Epeolatry Book Review: Daisy by Colin Lorimer


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Alien: Inferno's Fall

Title: Daisy
Author: Colin Lorimer (Story and Art) with Joana Lafuente (Colors), Jim Campbell (Lettering) and Anita Vu (Cover colors and additional colors)
Publisher:  Dark Horse
Genre: Horror, Fantasy, Graphic Novel
Release Date: 3rd November, 2022

Synopsis: A desperate mother’s search for her missing son leads to the mysterious family of Daisy Phillips. Like many teens, Daisy has a hard time fitting in, but for atypical reasons: Daisy stands over eight feet tall and believes herself descended from cannibalistic giants spawned from the outcasts of Heaven. This frail, disfigured youth may hold the key to unlock the Language of Creation – the divine DNA of God – and expose the monstrous lie hidden within Creation itself.

Lindsay Taylor perseveres in the search for her son, Conor, who went missing five years ago at the age of nine. Following an anonymous tip and with the help of the local sheriff, the pragmatic but hopeful mother finds her way to the dysfunctional family, Phillips. Set aptly in the autumn-winter picturesque Stowe, Vermont, with a brilliant-white church at its aesthetic centre, the comic also deploys fictional locations with names evocative of existing places and their own connotations, such as Brimount, obviously akin to Brimont, a commune in northern France. Cue small-town sensibilities.

Typical only in growing pains and outcast status, teenage Daisy bears all the hallmarks of the lonely outsider, both specifically adolescent and prematurely-aged: braces on legs and teeth, wrist cuffs—one gets the impression she is barely held together—glasses and a cat. The ominous ‘Father’ (referred to as such by the sheriff) has led her to believe that she is the last surviving descendant of the Nephilim, and that she has an integral role to play in rewriting Man’s introduction to corruption and evil. No pressure, then.

Readers are placed among the dour rot of thought and bodies that infuse Lorimer’s comic. You are among visceral, organic nightmares reminiscent of Dante, minus the flamboyant interpersonal jibes. This is a book that takes itself seriously, clutching at the allure of a divine language that could save all, while also sinking its teeth into the ruts of time-old societal traumas. You know, just a light afternoon snack. Lorimer’s artwork itself is accomplished, sketching a dry, dogmatic landscape that you’ll writhe to escape from. Lafuente’s muted, earthy colour palette enhances the theme of decay and transformation, later ascending alongside Daisy into an uncomfortably pleasing grey-gold light.

Despite its indulgent, gore-chomping abjection and the ethereal transgression of life-death boundaries, the real horror of Daisy is domestic. Standard-issue creepy children wear fixed smiles and seem to have accepted death as a neighbour or even a family member. Cult culture pervades in self-preservation via abuse of authority. The central haunting is the refrain of, “For the Greater Good”, a phrase so abused that it is universally horrifying.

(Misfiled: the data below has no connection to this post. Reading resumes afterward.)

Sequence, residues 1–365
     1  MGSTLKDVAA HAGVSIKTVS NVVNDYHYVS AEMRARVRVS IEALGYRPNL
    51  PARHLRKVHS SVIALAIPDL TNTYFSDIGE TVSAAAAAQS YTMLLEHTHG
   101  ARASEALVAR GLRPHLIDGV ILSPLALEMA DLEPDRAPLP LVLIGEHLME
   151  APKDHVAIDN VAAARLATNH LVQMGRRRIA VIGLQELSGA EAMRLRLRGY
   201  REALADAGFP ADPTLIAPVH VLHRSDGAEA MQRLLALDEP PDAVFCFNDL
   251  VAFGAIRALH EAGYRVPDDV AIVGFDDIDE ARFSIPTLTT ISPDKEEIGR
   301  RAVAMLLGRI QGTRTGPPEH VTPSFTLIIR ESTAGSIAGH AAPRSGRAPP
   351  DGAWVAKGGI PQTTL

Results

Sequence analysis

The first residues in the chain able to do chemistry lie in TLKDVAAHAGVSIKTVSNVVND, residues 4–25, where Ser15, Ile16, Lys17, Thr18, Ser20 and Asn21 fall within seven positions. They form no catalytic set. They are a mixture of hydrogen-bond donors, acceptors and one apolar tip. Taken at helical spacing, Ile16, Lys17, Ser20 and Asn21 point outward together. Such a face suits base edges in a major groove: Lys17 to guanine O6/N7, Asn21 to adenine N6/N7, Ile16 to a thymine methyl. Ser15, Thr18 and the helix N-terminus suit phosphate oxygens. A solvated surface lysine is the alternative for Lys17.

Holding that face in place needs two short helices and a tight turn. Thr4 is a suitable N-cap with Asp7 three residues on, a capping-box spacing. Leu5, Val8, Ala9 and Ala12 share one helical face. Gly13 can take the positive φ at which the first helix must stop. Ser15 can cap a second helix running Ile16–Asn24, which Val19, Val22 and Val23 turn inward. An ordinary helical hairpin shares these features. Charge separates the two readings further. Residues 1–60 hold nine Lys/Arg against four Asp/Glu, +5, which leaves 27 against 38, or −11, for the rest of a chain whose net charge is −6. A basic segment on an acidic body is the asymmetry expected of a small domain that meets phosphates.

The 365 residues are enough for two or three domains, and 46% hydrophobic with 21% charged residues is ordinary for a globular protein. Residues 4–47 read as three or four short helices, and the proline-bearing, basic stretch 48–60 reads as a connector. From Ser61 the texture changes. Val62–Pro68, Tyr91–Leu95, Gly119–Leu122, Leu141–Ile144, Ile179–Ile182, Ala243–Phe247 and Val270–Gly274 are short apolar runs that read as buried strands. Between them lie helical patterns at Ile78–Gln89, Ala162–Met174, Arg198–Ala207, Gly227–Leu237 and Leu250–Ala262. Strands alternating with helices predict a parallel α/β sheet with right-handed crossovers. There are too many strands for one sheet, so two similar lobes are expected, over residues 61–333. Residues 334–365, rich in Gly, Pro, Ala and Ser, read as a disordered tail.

An apocalyptic outlier of the Judeo-Christian biblical canon (try saying that five times fast and you’ll feel a sense of the story’s mud-suck heave), the Book of Enoch’s war of angels is here dragged spitting and screaming partway into modernity by means of white-western, small-town horror. But don’t be fooled by the presence of cars and mobile phones. If you like your religious mythology hard-boiled and regressive, rejoice! Women are tools of breeding and patriarchally-puppeted cataclysm, people of colour are few and far between, and disability and deformity are explicit declarations of a corrupted soul.

Lorimer frames the horror of fascism while, eventually, perpetuating the narrative of physical ills denoting sin. During a rise of far-right political rule and a pandemic with lasting impact on the chronically ill and disabled, his timing is complicated, to say the least.

With all benefit of the doubt, I’m sure there’s a point being made somewhere about the toxicity of unchallenged moral-dressed fervour, and the ableist rhetoric at the heart of this particular lore. However, the navel-gazing logic of it is pushed so far through its own sphincter that you’re left wondering what the literal Hell is/has/will happen. Sacrifice, something, something, fresh start? The message misses the mark for me and ends up reinforcing the ‘flood as cure, wipe out and start again’ philosophy. This is for fans of the macabre western gothic, the carnival of horrors, and the voyeuristic penny dreadful.

Content warnings: Ableism, violence, decay (graphic), misogyny (moderate)


Available from Amazon and Bookshop.

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